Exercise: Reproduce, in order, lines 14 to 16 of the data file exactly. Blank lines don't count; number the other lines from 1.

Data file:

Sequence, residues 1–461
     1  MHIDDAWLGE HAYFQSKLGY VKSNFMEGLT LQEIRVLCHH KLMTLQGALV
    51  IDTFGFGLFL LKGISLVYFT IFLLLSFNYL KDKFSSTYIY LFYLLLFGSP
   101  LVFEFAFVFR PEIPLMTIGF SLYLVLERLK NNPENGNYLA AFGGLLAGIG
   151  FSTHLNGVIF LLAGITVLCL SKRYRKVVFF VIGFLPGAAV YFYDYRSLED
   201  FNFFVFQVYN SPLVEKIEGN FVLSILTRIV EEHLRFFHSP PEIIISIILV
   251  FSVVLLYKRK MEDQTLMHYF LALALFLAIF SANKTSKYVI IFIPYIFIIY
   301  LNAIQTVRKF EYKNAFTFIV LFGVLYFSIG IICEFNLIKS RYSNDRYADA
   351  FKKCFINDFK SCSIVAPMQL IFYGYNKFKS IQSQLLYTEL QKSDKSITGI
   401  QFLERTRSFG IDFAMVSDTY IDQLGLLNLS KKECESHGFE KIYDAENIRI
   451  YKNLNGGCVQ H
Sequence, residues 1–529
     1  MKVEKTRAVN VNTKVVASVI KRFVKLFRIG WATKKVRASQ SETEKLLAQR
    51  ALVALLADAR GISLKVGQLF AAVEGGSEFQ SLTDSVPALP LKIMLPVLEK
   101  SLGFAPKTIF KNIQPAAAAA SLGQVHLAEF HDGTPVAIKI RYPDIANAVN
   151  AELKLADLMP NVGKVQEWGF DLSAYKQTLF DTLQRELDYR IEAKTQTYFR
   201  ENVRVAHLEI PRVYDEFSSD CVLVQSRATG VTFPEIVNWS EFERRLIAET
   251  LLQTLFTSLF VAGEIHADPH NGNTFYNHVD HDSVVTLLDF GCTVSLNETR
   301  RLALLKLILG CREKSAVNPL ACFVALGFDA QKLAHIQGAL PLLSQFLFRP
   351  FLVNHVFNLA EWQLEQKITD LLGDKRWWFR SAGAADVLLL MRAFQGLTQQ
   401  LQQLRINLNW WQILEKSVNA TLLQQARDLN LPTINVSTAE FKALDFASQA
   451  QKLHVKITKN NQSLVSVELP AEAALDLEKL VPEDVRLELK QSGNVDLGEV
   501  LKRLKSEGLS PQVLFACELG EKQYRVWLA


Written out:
    51  ALVALLADAR GISLKVGQLF AAVEGGSEFQ SLTDSVPALP LKIMLPVLEK
   101  SLGFAPKTIF KNIQPAAAAA SLGQVHLAEF HDGTPVAIKI RYPDIANAVN
   151  AELKLADLMP NVGKVQEWGF DLSAYKQTLF DTLQRELDYR IEAKTQTYFR